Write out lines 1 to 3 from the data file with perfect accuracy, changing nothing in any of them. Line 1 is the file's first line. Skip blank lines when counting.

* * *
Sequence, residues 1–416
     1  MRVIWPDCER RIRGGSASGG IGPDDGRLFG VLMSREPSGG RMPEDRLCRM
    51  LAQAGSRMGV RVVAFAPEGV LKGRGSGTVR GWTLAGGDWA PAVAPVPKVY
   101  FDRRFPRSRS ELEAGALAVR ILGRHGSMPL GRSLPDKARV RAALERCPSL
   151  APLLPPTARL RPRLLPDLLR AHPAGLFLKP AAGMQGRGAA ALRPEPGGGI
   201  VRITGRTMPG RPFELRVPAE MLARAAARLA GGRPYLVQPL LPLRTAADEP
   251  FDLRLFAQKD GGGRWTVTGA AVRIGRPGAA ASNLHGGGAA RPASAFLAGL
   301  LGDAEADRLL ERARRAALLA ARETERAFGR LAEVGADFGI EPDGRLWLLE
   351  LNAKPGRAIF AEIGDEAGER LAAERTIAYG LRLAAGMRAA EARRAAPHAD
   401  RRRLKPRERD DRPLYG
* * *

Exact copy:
Sequence, residues 1–416
     1  MRVIWPDCER RIRGGSASGG IGPDDGRLFG VLMSREPSGG RMPEDRLCRM
    51  LAQAGSRMGV RVVAFAPEGV LKGRGSGTVR GWTLAGGDWA PAVAPVPKVY